The Greatest American Heroine
The Greatest American Heroine 1986
I often go back and forth on what I decide to include on my site as to what is a superhero movie and what isn’t. The question on this one is whether or not it should be considered a movie or an episode of television. It’s technically the final episode of the TV series The Greatest American Hero which ran for three seasons, but it didn’t air in its original run, instead it was only included later when it went into syndication and on later DVD releases. But it also did get its own separate DVD release under its own title. I was aware of the concept of the Greatest American Hero, but I had never actually seen any episodes before now. It felt a little on the campy side and I could tell that I was missing some things even though they included some recaps.
If you have never seen the Greatest American Hero, the basic concept is that some random schlub who is pure of soul or something along those lines is approached by aliens and given a superhero suit. Unfortunately, he loses the instruction manual and has to figure out how to work it over the course of the next three seasons. In an earlier episode, his secret identity was revealed and he has become a celebrity. Now the aliens have returned and because his identity was revealed, they are going to erase everyone’s memory of him being a superhero and pass the suit on to a successor. But they’re not giving him another manual because they only had two.
The episode does a decent job of getting a new viewer up to speed with a bit of a clip show style recap of the series to date via the sidekick cop giving a report of the situation. It’s interesting to see how the dynamic has obviously changed by making the main character a recent celebrity. With only a little bit of context, it’s quite clear that he’s reveling in it while the other characters have noted his change in personality.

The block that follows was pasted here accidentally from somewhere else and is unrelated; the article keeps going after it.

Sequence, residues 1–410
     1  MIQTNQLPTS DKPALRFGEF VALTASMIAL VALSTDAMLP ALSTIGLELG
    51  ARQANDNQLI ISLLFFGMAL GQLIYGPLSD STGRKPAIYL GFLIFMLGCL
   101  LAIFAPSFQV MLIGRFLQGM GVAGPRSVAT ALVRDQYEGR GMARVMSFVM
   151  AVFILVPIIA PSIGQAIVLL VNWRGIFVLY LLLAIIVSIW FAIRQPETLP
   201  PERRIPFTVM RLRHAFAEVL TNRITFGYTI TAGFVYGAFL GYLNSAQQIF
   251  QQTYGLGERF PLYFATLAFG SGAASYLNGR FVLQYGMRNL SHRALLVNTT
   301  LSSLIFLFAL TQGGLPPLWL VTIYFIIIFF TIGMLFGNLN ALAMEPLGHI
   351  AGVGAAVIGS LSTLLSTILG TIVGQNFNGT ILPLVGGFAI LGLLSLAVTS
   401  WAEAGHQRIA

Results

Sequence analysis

The episode does get a little problematic once it switches over to the training of the new Greatest American Heroine. First off, when it’s revealed that the new candidate is a woman, the police sidekick scoffs in a very sexist way, calling her a “skirt”. And the woman herself is portrayed as rather an 80’s era super-environmentalist bubblehead. She’s introduced in the suit by first complaining about the shoes. And when she goes on her first mission about some whaling ship, she ignores all of the seasoned cop’s advice and just goes by her feminine instincts which is to be direct and to the point, followed by challenging one of the guys in a bar to an arm wrestling contest while her suit is on underneath her clothes. Once it gets into the action, there’s a fun bit of fighting but then it’s really over all too soon.
This would have benefited from being at least a two-part episode instead of just a single 40-some minute episode. With all of the catch-up required in the beginning of the episode it just took too long to get around to the heart of the story. The training montage felt way too rushed and we barely got enough time to spend with the new woman in the suit, so much so that a few days later I don’t even remember anybody’s name. And all it took for the cop to finally warm up to the new girl is that he overheard her talking him and the responsibility up to her foster daughter who also happens to be one of those too-smart-for-their-own-good style characters that tend to be more annoying than cute. It’s an interesting experiment that could have led to a good show, but as it is, there just isn’t enough development for it to be anything more than a curiosity. Until next time, this has been Bubbawheat for Flights, Tights, and Movie Nights.